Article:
Netflix tops the streaming competition with eight nominations spanning six TV shows and the first nomination for its first feature film, Beasts of No Nation, which went to Idris Elba for Best Supporting Actor. Orange Is the New Black and Narcos were both nominated for Best Comedy and Best Drama, respectively, while Uzo Aduba (OITNB) and Robin Wright (House of Cards) are nominated again. New nominees include Grace and Frankie’s Lily Tomlin, Aziz Ansari (Master of None), Wagner Moura (Narcos), and Ben Mendelsohn (Bloodline). For the first time, House of Cards and actor Kevin Spacey were shut out of their respective drama categories.

    Amazon Studios found its awards stride with last year’s Golden Globe Best Comedy winner Transparent, which is about to air its second season and grabbed three nominations for Best Comedy. Jeffrey Tambor (who won the award last year and the Emmy in September) was nominated for Best Actor, and Judith Light for Best Supporting Actress. But this year it also has a chance for gold with Mozart in the Jungle, which is competing against Transparent for Best Comedy and star Gael García Bernal is going head-to-head with Tambor for Best Actor.

    Hulu received its first nomination for Casual, which will be among the shows nominated for Best Comedy.

    On the film side, Charlie Kaufman’s Anomalisa is nominated alongside two Pixar films (Inside Out and The Good Dinosaur), Shaun the Sheep Movie, and The Peanuts Movie. And while it was distributed through traditional means—Paramount Pictures and Starburns Industries—it started out as a Kickstarter campaign that raised $406,237 from 5,770 backers more than three years ago.

    You can view the rest of the nominations on the Golden Globes website. The winners will be announced Jan. 10 on NBC.

    Screengrab via Paramount Pictures/YouTube

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    Once a day since Nov. 30, Shia LaBeouf has tweeted the phrase "touch my soul." On Thursday, he revealed what this actually meant: another one of his outlandish performance art projects.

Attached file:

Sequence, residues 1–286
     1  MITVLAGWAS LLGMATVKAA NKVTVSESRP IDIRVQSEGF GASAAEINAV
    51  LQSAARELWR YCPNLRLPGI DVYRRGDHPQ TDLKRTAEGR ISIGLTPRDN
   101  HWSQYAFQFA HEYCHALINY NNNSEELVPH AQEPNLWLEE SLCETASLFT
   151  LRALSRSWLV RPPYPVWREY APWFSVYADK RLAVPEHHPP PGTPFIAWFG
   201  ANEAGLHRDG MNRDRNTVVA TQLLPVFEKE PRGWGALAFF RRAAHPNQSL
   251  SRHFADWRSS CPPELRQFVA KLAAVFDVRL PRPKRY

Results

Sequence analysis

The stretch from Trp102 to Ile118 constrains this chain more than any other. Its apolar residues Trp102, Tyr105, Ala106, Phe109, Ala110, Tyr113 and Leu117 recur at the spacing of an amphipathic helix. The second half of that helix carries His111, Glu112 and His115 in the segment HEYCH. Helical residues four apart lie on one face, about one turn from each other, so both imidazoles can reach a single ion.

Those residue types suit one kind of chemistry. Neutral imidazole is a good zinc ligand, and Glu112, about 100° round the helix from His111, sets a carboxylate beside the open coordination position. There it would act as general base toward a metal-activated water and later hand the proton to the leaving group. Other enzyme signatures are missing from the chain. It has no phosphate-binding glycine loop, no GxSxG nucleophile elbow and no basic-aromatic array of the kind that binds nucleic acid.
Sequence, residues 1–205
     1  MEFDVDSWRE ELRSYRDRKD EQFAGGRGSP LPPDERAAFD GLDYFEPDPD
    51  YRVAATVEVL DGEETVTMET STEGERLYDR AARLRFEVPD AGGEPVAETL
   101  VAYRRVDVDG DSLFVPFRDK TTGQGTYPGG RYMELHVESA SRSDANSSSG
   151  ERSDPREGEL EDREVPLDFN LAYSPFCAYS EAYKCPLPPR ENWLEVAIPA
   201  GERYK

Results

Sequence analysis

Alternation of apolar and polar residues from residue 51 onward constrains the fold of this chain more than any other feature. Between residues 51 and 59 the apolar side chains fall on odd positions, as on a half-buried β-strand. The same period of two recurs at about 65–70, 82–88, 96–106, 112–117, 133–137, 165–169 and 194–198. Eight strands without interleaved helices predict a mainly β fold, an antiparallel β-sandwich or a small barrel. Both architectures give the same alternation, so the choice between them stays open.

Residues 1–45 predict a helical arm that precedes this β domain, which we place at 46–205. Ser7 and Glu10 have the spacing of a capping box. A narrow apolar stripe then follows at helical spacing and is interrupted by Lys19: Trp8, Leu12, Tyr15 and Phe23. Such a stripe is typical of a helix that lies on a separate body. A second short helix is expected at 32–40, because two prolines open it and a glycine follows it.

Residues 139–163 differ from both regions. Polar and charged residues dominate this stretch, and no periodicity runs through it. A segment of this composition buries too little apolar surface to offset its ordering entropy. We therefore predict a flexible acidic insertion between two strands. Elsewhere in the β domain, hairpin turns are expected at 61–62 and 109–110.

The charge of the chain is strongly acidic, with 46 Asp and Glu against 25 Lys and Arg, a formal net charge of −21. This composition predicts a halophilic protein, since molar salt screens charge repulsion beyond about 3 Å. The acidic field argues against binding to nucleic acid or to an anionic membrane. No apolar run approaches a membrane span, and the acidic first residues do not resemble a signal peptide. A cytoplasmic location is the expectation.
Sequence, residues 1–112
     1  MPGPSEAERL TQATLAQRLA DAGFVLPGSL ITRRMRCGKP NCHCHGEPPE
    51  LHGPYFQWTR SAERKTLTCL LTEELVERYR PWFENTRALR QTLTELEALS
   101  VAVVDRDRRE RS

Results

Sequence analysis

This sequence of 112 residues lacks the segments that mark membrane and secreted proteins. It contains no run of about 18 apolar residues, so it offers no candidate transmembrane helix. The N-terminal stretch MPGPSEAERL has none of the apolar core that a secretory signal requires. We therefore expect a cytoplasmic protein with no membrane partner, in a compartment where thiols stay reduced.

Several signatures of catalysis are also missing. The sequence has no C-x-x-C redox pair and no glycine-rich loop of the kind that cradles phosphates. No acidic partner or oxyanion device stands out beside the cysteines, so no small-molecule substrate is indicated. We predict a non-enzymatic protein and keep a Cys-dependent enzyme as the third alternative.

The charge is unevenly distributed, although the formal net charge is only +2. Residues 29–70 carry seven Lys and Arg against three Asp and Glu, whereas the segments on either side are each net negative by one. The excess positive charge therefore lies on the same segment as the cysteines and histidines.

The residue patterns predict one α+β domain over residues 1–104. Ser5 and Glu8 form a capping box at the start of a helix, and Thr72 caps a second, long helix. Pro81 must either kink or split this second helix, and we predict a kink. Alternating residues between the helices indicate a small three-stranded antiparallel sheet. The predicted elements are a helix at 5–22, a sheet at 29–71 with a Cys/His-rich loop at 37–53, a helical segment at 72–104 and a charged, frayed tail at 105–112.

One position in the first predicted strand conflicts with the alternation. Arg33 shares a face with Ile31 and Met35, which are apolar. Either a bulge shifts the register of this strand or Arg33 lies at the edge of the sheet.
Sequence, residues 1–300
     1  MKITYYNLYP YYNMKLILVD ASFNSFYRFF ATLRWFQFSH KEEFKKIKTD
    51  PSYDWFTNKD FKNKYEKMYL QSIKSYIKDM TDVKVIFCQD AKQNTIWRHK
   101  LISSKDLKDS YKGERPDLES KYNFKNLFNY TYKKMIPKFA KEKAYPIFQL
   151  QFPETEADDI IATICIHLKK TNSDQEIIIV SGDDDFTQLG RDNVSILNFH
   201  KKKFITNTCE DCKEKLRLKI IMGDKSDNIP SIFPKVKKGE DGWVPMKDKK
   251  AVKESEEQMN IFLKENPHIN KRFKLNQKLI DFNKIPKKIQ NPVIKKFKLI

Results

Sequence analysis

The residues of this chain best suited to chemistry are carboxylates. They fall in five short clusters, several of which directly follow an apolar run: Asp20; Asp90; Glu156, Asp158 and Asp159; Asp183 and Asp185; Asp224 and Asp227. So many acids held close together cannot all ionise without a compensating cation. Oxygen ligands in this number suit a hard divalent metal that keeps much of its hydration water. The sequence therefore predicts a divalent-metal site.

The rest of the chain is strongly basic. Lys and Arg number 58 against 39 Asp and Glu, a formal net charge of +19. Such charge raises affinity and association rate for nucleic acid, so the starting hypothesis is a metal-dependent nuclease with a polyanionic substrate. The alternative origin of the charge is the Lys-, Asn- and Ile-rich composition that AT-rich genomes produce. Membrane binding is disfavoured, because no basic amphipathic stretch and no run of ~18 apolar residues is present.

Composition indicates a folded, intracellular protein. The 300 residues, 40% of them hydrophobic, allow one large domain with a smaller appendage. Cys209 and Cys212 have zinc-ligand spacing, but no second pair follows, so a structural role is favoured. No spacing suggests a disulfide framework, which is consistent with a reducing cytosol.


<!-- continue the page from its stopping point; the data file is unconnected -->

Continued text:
#TOUCHMYSOUL is a livestreamed performance from LaBeouf and his two longtime collaborators, artists Nastja Sade Ronkko and Luke Turner. The three performers have set up a call center in Fact gallery in Liverpool, England, where anyone can phone in and talk to them between 11am and 6pm GMT, Thursday to Sunday.

    LaBeouf's work with Ronkko and Turner usually draws from his status as a public figure, inviting audience participation. Previous efforts included #IAMSORRY (during which he sat in a public gallery wearing a paper bag labeled "I AM NOT FAMOUS ANY MORE" on his head), and a series of green screen video clips where viewers could superimpose LaBeouf's performance onto a background of their choice

    These projects were met with dubious feedback from audiences, especially in the light of LaBeouf's frought public image and brushes with plagiarism. The turning point came last month with #AllMyMovies, a livestreamed performance in which LaBeouf watched his complete filmography in reverse chronological order. As a less conceptual piece that engaged with his pop-culture background, people found it a lot less pretentious. (Also, it was entertaining to watch him be forced to watch the entire Transformers franchise on camera.)

    #TOUCHMYSOUL follows the trend of Shia, Ronkko, and Turner's previous collaborations, giving people a chance to call an A-list celebrity on camera and "touch his soul." (Or, more likely, awkwardly pause and then ask how he's doing.)

    We called the number, but the lines were already busy. No surprise there.

    Screengrab via touchmysoul

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    Yesterday, the Internet collectively shuddered as we learned that Turing Pharmaceuticals CEO/'80s-movie bully Martin Shkreli had purchased the single copy of Wu-Tang Clan's long-awaited album, Once Upon a Time in Shaolin, for a reported $2 million. But some good news has come out of this reality-collapsing situation. 

    Twitter user Rob Wesley posted part of the "contract" for the album yesterday, and it was also picked up on Reddit

    According to this definitely fake but amazing contract, during a period of 88 years, the seller can, at any time, attempt to steal back the album in a "caper" or "heist," which would return rights back to the seller. This heist can only be carried out by active Wu-Tang members or Bill Murray, naturally. 

    As many people on Twitter have already stated, a heist film starring Bill Murray and Wu-Tang Clan is the best movie that's not being made right now. 

    They already started filming in 2002.  

    Shkreli had no comment as to the caper clause. But sometimes, when the Internet wishes hard enough, things like this come true. 

    Hopefully Section 36 leaks next. 

    Update 3:07pm CT, Dec. 11: Wu-Tang producer and rapper RZA has addressed the viral, fake post. And while it doesn't change the contract, he certainly appears to have second thoughts about who his project was sold to.